In the eyes of the municipality of Amsterdam, one of the most obvious measures to make traffic safer is to limit the maximum speed. Alderman Melanie van der Horst mentioned a maximum speed of 20 km/h for e-bikes in an article in Het Parool . But reducing the speed on the cycle path is not as easy as it may seem. A maximum speed of 30 km/h will be introduced in many places in the city at the end of this year. According to the law, a lower maximum speed may not be used on a cycle path next to such a carriageway. Amsterdam is now in talks with the government to see if there is a way to make this possible.

  8. Plans for UK-wide e-bike battery collection and recycling service

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    Source: MMB, D. Blackham

    E-Bike battery collection and recycling service to trial in the UK later this year

    In line with the anticipation for significant growth for electric bike sales in the UK, the Bicycle Association (BA) announced plans to set up UK wide collection and recycling for bike batteries.

    The service plans to run in partnership with the European Recycling Platform (ERP), who the BA has appointed to deliver this programme. In other European markets there is already a single collection programme running, with manufacturers participating alongside retailers who act as collection points. The perceived benefits of the scheme are simplicity at retail level, reducing the costs and complexity for bike companies, and a clear and convenient way for customers to return batteries.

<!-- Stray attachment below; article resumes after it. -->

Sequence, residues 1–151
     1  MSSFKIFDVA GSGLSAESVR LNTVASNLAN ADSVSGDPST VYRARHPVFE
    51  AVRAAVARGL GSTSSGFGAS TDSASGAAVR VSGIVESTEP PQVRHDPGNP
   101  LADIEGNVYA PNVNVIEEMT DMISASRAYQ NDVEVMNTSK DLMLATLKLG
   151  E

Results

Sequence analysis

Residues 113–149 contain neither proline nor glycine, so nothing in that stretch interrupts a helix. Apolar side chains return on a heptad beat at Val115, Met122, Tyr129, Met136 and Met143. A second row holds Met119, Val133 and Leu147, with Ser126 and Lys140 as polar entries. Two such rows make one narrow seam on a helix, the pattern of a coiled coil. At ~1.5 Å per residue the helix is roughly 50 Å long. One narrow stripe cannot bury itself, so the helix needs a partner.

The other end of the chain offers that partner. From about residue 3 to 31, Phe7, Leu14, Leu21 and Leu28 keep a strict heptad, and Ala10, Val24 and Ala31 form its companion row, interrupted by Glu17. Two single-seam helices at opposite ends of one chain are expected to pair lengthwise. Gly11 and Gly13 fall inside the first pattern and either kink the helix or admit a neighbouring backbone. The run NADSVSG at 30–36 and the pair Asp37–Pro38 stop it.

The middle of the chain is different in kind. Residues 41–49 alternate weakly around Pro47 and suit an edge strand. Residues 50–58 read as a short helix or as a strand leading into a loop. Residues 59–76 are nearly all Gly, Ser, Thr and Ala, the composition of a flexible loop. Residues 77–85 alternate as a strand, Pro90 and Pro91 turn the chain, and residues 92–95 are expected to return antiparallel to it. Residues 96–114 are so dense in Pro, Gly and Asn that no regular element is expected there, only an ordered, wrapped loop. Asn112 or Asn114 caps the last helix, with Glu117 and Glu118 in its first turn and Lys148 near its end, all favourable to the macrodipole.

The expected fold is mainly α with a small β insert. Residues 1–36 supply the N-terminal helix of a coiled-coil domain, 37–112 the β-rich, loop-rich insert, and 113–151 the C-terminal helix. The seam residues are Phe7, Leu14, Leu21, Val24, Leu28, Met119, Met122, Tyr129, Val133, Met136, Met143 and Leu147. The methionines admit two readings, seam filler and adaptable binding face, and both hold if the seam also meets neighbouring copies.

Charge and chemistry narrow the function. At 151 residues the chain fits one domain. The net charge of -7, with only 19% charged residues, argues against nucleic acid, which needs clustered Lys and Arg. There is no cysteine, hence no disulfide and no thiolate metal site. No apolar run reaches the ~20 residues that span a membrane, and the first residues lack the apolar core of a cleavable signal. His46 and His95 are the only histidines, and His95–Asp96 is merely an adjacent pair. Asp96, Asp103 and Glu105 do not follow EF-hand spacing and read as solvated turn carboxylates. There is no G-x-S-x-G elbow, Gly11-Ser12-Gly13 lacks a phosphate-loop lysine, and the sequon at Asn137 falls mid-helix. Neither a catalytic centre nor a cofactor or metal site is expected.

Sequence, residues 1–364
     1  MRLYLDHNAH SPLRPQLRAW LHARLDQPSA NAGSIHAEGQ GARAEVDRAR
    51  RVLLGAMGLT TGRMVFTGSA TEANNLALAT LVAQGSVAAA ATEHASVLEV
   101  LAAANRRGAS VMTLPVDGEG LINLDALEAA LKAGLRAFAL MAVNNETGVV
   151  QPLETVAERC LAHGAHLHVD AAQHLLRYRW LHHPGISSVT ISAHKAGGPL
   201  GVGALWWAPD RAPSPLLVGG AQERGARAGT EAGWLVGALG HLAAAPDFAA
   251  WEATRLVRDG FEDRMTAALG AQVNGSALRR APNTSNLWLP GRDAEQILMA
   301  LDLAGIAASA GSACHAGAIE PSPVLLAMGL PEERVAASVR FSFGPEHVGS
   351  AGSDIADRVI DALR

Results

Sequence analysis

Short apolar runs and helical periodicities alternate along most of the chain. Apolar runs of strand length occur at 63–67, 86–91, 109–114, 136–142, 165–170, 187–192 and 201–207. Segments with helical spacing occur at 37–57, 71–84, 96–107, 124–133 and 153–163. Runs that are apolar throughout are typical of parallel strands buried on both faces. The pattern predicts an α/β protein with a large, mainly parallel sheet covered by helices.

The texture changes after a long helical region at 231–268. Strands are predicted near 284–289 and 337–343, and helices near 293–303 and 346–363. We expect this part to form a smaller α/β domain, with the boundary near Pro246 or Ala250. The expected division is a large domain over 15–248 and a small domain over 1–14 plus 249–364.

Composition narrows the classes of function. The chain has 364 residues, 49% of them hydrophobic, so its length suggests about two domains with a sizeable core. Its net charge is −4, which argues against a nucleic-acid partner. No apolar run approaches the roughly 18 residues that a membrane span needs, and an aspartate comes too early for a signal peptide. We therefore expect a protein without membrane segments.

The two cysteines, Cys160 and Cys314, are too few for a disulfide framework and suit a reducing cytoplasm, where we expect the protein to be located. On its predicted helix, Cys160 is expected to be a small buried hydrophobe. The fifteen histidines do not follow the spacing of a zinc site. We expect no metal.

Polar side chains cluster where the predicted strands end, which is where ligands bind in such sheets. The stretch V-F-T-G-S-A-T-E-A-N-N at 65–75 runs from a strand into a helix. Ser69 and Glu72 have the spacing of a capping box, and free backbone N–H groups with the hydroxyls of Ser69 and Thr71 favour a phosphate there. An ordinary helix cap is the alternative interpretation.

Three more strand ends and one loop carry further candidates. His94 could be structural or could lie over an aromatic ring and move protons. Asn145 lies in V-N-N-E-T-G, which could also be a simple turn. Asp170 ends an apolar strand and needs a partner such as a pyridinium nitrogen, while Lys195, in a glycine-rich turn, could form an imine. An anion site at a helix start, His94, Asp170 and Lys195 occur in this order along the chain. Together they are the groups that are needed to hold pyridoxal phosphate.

Stephen Holt, BA retail trade manager said “With millions of electric bike sales ahead of us, this is an exciting initiative that will make it easy for retailers to safely store faulty and expired batteries in one fireproof rated drum – with one phone call when full to get it swapped out. With the support of electric bike producers, we hope to provide a national network of hundreds of collection points convenient for customers. We are looking forward to working closely with ERP, who are experts in the construction and implementation of such initiatives.”

    The BA and ERP plan to begin a trial, which will contribute to a proposed national rollout later this year.

    This follows an update on the scheme to members at the BA annual conference in Birmingham where 150 delegates representing more than 90 UK bike businesses attended.